In today’s news and commentary, TikTok has a work culture problem; Amazon fires managers after historic union victory; and unions rally ahead of the 2022 election season.
TikTok has a work culture problem, according to a recent exposé in the Wall Street Journal. Employees have complained of sleep deprivation driven by weekend workloads and hours of late mandatory meetings with overseas colleagues. Others have reported health problems such as weight fluctuation and severe emotional lows. Of course, long hours, stress, and demanding deadlines are problems in many workplaces. But several employees who have worked elsewhere in the tech industry claim that TikTok is different. A good deal of work at TikTok consists of adapting products developed in China for American audiences, which therefore requires long meetings with managers in Beijing. The company frequently assigns multiple teams to work on the same project, having them race to see which can finish it most quickly. It also has a policy against employees accessing internal organization charts, which has created internal communication problems. The result is a culture of stress and secrecy “to a degree uncommon in the industry.”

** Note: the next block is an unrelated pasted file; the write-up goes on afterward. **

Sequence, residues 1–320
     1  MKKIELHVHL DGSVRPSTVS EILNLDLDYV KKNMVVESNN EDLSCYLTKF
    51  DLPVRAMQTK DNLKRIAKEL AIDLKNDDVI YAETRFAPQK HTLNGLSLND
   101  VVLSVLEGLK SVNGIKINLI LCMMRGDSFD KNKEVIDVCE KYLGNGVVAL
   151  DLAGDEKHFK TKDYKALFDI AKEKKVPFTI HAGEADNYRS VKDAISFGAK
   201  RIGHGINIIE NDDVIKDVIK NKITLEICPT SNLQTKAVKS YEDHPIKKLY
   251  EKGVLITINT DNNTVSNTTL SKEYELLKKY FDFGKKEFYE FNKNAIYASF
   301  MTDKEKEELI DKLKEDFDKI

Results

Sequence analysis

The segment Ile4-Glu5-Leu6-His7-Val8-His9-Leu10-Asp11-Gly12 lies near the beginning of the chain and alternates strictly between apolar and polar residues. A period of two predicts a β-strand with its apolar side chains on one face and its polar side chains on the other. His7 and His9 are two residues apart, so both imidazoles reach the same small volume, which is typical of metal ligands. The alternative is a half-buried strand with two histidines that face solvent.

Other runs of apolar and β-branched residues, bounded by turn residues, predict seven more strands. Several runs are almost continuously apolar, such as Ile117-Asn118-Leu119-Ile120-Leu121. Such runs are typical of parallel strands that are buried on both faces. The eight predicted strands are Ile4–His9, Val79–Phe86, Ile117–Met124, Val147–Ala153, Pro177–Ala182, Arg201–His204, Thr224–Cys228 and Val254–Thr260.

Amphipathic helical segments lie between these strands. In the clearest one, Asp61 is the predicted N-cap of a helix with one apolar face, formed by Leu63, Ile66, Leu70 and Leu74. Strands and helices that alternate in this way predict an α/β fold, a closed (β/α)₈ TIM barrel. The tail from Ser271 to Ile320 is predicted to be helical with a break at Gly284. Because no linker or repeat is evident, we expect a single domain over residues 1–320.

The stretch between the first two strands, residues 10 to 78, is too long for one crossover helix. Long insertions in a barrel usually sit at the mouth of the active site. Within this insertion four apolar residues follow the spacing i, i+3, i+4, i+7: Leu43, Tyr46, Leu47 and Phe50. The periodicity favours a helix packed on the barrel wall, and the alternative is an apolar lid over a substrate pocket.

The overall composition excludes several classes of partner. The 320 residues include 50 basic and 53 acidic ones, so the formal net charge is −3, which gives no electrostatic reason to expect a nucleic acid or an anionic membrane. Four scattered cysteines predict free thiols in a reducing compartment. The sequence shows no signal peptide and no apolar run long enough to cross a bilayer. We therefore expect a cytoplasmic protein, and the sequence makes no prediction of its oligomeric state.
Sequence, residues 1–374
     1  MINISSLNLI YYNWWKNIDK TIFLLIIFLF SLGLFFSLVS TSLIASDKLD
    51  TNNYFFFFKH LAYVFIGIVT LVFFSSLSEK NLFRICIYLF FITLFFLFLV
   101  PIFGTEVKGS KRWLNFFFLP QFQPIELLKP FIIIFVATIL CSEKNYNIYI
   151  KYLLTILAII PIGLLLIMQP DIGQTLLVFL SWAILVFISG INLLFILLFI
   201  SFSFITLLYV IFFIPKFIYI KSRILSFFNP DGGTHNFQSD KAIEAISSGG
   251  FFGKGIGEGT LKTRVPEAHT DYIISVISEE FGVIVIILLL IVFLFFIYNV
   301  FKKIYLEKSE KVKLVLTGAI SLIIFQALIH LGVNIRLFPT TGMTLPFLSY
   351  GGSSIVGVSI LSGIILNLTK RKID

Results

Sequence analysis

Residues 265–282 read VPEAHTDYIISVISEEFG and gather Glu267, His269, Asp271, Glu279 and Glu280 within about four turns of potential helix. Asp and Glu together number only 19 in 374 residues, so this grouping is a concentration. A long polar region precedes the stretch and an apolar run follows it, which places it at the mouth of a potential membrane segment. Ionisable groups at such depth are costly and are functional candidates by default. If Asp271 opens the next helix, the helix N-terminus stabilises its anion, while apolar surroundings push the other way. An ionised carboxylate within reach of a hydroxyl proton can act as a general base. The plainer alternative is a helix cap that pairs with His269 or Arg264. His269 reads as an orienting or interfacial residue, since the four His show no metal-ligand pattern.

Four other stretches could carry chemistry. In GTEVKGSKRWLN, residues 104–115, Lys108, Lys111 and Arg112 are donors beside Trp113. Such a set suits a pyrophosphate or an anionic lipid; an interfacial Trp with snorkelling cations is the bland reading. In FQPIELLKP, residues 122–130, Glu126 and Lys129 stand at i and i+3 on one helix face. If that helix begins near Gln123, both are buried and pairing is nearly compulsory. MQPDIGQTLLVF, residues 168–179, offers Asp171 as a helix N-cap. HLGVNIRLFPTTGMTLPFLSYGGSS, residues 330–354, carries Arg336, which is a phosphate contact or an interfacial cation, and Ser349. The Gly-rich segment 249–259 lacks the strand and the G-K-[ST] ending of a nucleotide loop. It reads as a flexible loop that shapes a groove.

On Thursday, Amazon fired over half a dozen senior managers involved with its JFK8 warehouse — the same warehouse that had won a historic union last month — according to a recent report in the New York Times. The managers had been in charge of implementing the company’s response to the unionization efforts. Various commentators described the firings as Amazon sending a strong message to its other managers: “Lose a union election and we will fire your ass.”
Unions are doing their part this election season, a recent piece in the New Republic explains. Across the country, union leaders are rallying workers to vote in this year’s upcoming federal midterm, state, and local elections — in an effort not only to stave off anti-worker legislation, but also “to reserve some semblance of majority rule.” As Republican legislatures continue to gerrymander district maps, it has become increasingly difficult for average citizens to select their leaders. Robust political science literature has long documented the “big role” that unions can play as mobilizers in elections.